There was a family reunion in Vila Autodromo last weekend. As well as mothers, fathers, daughters, sons and grandchildren, some of the 600 families evicted from their community next to Rio’s Olympic Park returned, joining supporters, activists, researchers and journalists in celebrating the 20 families who won their battle to remain.
While the media were curious to see the new homes, built after remaining residents reached an agreement with City Hall to rehouse the last resisting families on the same site, those who have already moved away had different motives.
“I come back a lot, to see my friends,” said Gabriel Alves, 18. His one-year-old baby Ani Gabriela was gurgling in his arms. “It was difficult, because she was born at the same time that we had to move. I was underage at the time so they spoke to my father about it. But they said we had no choice, we had to leave. I prefer it here, it’s better. I was born and brought up here.”
Gabriel’s childhood friend, Alan Regina, 22, still lives in Vila Autodromo in one of the identical new units, which residents moved into on July 29. They were promised that they would have their new homes before the Games, and they were delivered – just – although an original moving date was brought back as the families found defects in the new homes and other details which were not ready.
But while Alan is part of a young generation that will continue the story of Vila Autodromo, baby Ani Gabriela, who was also born there, will now live out her story in a new government apartment block.
Their family is just one of 22,000 moved on since Rio was awarded the Olympics in 2009, according to City Hall’s own records.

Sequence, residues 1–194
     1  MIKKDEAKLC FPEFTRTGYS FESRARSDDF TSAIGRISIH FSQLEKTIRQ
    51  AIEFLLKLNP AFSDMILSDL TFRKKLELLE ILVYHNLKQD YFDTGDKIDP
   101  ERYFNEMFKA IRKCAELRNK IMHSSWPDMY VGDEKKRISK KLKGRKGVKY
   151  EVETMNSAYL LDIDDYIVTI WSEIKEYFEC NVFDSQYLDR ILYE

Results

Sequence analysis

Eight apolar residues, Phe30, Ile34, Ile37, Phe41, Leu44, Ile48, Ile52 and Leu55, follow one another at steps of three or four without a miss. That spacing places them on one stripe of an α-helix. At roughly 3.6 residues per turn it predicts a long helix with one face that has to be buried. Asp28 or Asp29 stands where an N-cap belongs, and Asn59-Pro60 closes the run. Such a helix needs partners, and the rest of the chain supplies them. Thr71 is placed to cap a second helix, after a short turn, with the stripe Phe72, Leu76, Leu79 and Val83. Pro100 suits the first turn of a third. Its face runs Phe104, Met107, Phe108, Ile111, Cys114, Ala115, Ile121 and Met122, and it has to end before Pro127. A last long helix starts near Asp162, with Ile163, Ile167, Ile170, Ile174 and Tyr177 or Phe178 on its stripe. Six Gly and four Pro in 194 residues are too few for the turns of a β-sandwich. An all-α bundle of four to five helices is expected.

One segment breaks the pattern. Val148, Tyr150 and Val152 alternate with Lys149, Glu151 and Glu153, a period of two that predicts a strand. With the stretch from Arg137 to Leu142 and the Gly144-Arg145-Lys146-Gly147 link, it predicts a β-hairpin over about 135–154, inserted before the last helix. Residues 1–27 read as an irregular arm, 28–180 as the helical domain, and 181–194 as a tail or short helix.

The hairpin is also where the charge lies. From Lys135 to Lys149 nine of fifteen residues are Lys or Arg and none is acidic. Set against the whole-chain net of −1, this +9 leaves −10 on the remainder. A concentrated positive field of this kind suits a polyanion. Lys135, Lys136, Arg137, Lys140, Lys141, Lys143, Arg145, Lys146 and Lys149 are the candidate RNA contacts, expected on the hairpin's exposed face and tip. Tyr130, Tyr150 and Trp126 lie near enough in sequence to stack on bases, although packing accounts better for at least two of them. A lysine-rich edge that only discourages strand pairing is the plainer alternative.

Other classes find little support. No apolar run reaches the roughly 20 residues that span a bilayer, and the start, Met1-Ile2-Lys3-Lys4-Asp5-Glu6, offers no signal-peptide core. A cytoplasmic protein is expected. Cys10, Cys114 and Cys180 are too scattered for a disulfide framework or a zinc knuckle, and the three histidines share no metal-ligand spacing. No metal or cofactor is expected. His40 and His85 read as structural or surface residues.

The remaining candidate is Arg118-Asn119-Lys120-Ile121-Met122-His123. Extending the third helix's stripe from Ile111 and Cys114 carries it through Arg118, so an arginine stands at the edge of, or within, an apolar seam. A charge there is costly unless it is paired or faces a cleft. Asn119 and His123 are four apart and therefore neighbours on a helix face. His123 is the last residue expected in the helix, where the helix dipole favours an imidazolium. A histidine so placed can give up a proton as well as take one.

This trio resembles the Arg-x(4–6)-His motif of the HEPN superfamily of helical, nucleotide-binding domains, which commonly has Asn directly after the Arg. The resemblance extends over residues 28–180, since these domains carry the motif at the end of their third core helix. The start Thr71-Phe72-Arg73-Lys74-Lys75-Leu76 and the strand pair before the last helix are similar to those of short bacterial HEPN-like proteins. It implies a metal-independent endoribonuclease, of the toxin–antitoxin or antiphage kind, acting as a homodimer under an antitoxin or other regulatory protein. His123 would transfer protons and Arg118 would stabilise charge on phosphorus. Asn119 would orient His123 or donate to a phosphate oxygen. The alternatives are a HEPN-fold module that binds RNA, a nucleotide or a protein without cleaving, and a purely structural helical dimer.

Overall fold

Vila Autodromo is the only one that the authorities will admit was removed for the Olympic Games. But many other communities, such as Vila Uniao de Curicica, saw homes bulldozed to make way for legacy projects including new highways and bus rapid transit lanes. Few communities resisted as strongly, or attracted the same global attention, as Vila Autodromo.
The sense of community and collective memory in Vila Autodromo continues with the Museum of Removals which is on the site now, gathering artefacts and rubble from the eviction process, and making works of art out of them.
Only one original house, belonging to former fisherman Delmo de Oliveira, is still standing after a judge ordered it to stay. Delmo has told groups of journalists the pressure to leave from City Hall was a kind of “psychological terrorism”, albeit it one he was determined to resist.
“I’m happy with it,” said Maria da Penha as she surveyed the inside of her new home. “It’s smaller, the kitchen is smaller, but what’s important is we got the right to stay.” She shares her new place with her mother, husband and daughter Natalia.
Back in Alan’s house, where Gabriel attended to his baby daughter, the family shared a meal as they discussed adjusting to the new reality.
“I’m going to put some plums in, the yellow plums, and put plants in a wheelbarrow you can move around,” his mother Sandra said as she looked out at the small garden area the families had negotiated with City Hall for their new homes.
“My husband cried a lot when they knocked our house down. I’d never seen him cry before. It’s taking time to get used to being here – I couldn’t sleep at first. I’m not used to it yet but I will be.”
By Beth McLoughlin, our reporter embedded in Rio.